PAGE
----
I'm confused. Characteristic polynomial of degree less than n... Impossible? well...

Mar 2015
32
0
Australia
The characteristic polynomial of a matrix \(\displaystyle M\in \mathbb{F}^{n\times n}\) must be of degree \(\displaystyle n\), as far as I know.
Consider the following matrix \(\displaystyle M\in (\mathbb{Z}_2)^{2\times 2}\):
\(\displaystyle M=\begin{pmatrix}1&1&0\\1&0&0\\0&0&1\end{pmatrix}\)

If we try to calculate its characteristic polynomial, we get:

\(\displaystyle P_M(\lambda)=|M-\lambda I|=\begin{vmatrix}1-\lambda& 1 & 0\\ 1 & -\lambda & 0\\ 0 & 0 & 1-\lambda\end{vmatrix}=(1-\lambda)(\lambda^2-\lambda-1)\)
But now since \(\displaystyle \forall x\in\mathbb{Z}_2: x^2=x\), what we actually have here is: \(\displaystyle P_M(\lambda)=(\lambda-1)\)

How can the characteristic polynomial have degree less than 3?
 
Last edited:
Sep 2012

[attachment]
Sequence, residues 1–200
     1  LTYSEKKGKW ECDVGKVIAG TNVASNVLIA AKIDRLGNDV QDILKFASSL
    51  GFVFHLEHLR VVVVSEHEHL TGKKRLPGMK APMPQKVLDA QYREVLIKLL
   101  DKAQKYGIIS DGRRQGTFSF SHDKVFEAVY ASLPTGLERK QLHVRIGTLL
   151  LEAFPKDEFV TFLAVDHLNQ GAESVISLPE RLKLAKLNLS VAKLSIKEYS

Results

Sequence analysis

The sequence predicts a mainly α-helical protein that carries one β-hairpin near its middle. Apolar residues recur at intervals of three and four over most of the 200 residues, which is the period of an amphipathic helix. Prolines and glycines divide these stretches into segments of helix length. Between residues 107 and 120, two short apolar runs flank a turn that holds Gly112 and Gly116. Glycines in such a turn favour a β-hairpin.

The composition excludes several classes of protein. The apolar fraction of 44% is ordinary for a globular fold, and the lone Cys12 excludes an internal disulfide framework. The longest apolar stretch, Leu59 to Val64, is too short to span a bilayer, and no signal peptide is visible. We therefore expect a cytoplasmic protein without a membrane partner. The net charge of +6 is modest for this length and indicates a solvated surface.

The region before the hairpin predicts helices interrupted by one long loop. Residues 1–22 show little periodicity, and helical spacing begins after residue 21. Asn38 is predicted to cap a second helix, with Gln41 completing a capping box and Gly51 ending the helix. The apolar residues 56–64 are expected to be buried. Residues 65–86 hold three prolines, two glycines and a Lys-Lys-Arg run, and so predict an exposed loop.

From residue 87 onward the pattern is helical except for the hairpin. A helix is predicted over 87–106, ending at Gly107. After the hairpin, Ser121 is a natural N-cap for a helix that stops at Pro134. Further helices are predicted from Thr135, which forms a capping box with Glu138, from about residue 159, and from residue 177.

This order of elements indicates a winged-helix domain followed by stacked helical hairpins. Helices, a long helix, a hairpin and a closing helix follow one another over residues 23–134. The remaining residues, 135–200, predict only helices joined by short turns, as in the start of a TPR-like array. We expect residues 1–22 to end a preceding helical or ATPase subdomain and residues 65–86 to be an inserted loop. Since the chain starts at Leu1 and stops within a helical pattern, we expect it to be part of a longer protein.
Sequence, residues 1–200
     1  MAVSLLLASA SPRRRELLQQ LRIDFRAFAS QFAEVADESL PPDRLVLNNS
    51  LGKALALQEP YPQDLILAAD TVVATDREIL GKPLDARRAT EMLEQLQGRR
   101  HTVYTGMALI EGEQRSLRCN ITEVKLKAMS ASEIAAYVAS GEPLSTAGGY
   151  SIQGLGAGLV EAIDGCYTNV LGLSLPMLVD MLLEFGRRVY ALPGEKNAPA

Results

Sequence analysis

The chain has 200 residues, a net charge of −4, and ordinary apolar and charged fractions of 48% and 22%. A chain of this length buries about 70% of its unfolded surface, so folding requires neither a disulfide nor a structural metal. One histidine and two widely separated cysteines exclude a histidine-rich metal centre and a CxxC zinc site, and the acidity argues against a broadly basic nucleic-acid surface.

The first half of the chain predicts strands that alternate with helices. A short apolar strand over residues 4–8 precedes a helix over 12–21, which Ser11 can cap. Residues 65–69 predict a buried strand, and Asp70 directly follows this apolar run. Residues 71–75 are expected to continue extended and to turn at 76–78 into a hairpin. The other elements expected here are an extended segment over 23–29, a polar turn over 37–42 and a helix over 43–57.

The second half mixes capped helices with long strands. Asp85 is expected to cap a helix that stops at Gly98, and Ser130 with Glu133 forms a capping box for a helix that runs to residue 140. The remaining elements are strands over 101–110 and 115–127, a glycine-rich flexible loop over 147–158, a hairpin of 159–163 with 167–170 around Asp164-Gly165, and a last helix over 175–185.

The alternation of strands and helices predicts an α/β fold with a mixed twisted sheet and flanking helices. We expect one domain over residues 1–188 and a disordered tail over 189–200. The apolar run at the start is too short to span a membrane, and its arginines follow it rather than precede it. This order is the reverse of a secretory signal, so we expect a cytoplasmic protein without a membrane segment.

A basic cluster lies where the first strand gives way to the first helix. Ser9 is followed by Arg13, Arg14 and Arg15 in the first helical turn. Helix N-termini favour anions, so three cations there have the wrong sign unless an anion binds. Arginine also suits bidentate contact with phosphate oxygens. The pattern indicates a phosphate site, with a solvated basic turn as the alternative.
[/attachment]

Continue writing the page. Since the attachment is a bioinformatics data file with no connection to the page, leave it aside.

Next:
1,061
434
Washington DC USA
Re: I'm confused. Characteristic polynomial of degree less than n... Impossible? well

You're confusing a polynomial with a function that's giving its evaluation. When you do, say, calculus, those are the same, but here you need to keep track of the distinction.
Polynomials are formal sums with coefficients in the ring. They aren't functions, but rather elements in a set.
Example: Let \(\displaystyle f(x) = x^2 + 1 \in \mathbb{Z}_2[x], g(x) = x + 1 \in \mathbb{Z}_{2}[x]\). Then \(\displaystyle f(a) = g(a) \ \forall \ a \in \mathbb{Z}_2\), but \(\displaystyle f \ne g\).
You never apply the ring relations to the \(\displaystyle x\) in a polynomial ring \(\displaystyle R[x]\). It's only when you evaluate that polynomial that use the ring to simplify.
So \(\displaystyle a^2 = a \ \forall \ a \in \mathbb{Z}_2[x]\), but \(\displaystyle x^2 \ne x\) when considering \(\displaystyle x^2, x \in \mathbb{Z}_{2}[x]\).
 
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Mar 2015
32
0
Australia
Re: I'm confused. Characteristic polynomial of degree less than n... Impossible? well

Great explanation. Thanks!